Calling Function Without Parentheses!

Jeff Shannon jeff at
Fri Jan 7 15:53:34 EST 2005

Kamilche wrote:

> Yeah, but still. If they even had the most basic check, like 'an object
> is being referred to on this line, but you're not doing anything with
> it' would be handy in catching that. When you use an object like that,
> usually you're doing something with it, like assigning it to a variable.

In many cases, however, it's not possible to distinguish this.

     def get_pi():
         import math
         return math.pi

     print my_func(get_pi)

Now, am I trying to pass the function object get_pi into my_func(), or 
do I want to call get_pi() and pass the return value?

There are also many times when it's sensible to do nothing with an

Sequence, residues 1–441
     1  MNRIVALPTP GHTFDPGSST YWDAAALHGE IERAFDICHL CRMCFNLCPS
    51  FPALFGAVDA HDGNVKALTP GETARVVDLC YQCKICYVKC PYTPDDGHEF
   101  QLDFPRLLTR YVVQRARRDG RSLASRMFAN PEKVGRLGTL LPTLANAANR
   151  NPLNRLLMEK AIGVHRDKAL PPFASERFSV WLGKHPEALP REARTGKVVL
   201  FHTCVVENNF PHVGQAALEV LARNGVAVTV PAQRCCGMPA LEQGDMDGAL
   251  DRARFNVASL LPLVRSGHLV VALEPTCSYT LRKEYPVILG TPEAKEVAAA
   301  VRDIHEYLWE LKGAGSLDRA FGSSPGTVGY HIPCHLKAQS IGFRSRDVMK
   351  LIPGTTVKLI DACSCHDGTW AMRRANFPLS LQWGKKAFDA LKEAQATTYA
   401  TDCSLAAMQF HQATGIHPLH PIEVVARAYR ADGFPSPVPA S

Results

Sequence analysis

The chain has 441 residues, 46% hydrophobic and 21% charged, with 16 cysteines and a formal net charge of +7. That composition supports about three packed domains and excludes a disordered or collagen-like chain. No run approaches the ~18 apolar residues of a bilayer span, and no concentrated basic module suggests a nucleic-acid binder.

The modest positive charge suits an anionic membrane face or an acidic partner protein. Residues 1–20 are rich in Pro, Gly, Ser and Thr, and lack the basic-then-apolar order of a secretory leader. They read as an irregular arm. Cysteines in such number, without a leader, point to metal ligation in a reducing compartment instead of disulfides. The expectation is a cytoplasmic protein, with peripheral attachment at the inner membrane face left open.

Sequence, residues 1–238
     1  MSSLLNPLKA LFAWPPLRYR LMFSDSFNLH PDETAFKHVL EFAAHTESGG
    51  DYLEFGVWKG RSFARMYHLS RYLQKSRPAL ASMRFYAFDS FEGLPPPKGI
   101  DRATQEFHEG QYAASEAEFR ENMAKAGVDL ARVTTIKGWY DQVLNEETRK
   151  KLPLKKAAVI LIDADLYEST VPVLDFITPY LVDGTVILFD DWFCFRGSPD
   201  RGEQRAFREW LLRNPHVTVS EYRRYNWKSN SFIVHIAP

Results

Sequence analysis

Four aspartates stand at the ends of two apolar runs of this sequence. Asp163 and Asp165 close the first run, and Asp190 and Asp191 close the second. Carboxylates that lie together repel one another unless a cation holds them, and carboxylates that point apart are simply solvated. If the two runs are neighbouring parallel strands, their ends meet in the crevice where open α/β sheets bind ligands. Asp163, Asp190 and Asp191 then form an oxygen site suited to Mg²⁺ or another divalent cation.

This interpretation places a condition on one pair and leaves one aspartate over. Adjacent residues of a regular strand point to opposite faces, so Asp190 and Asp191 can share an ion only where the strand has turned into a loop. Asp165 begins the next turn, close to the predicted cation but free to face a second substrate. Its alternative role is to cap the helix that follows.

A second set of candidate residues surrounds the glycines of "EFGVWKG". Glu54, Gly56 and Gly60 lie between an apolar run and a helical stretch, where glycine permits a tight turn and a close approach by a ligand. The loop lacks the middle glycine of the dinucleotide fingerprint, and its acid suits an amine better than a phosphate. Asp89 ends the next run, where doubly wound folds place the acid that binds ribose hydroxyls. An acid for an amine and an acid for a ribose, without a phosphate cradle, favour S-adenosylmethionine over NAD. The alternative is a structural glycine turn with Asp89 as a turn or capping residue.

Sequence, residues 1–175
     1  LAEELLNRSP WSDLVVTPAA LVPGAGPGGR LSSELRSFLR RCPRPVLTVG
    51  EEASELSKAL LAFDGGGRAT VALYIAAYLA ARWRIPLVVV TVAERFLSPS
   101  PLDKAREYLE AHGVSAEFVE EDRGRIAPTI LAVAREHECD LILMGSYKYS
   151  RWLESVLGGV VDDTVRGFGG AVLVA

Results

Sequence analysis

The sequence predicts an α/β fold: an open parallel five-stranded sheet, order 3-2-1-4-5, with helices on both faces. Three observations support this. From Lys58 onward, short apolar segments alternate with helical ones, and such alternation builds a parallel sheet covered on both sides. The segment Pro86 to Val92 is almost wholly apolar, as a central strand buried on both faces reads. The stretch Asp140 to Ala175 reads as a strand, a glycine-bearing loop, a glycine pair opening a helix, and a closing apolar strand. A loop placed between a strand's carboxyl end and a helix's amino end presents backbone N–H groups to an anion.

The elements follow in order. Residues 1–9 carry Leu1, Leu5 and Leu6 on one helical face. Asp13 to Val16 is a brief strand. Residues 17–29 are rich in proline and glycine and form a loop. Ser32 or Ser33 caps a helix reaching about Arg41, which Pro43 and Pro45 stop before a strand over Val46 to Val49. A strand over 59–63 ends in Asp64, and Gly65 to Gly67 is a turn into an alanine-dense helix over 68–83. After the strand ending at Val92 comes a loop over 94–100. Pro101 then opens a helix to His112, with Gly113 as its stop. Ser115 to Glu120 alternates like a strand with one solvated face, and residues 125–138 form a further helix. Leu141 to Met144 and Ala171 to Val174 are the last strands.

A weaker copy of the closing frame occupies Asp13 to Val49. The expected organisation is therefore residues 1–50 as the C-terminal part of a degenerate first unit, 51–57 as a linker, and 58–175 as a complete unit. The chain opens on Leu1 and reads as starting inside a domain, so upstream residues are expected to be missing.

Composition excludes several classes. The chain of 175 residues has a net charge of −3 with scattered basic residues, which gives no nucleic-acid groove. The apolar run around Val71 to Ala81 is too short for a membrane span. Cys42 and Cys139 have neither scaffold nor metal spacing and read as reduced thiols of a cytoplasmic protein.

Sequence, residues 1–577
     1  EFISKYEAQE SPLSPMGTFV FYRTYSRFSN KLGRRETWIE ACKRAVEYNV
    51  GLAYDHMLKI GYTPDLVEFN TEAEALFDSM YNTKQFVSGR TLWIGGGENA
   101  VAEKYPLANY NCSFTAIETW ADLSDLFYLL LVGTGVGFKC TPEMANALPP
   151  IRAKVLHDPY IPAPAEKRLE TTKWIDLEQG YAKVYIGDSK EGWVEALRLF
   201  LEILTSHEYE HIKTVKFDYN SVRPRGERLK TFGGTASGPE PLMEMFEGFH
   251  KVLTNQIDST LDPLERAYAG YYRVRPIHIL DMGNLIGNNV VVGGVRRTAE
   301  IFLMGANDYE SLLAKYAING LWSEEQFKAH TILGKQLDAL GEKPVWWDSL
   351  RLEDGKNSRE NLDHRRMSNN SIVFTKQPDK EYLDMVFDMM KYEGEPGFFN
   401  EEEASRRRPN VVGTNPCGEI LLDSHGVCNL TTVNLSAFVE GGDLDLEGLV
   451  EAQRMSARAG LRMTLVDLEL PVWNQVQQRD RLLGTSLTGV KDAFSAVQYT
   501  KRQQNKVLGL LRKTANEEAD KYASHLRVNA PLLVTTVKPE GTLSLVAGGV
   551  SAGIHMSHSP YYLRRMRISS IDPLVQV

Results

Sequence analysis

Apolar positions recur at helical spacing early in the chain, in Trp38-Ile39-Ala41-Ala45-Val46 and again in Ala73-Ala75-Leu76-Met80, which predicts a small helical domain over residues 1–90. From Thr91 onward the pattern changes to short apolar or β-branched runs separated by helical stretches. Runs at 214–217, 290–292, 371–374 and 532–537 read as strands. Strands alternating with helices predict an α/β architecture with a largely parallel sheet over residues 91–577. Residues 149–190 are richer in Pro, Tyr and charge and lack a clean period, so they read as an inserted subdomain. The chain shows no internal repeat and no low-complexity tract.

object reference -- i.e. ignoring the return value of a function which 
you're calling for its side-effects.

It seems to me that it's reasonable for the Python interpreter to 
*not* attempt to guess at whether a questionable usage is an error or 
not.  Better to have that done by a developer tool (pychecker) than 
through runtime checks every time the program is used.

Jeff Shannon
Credit International

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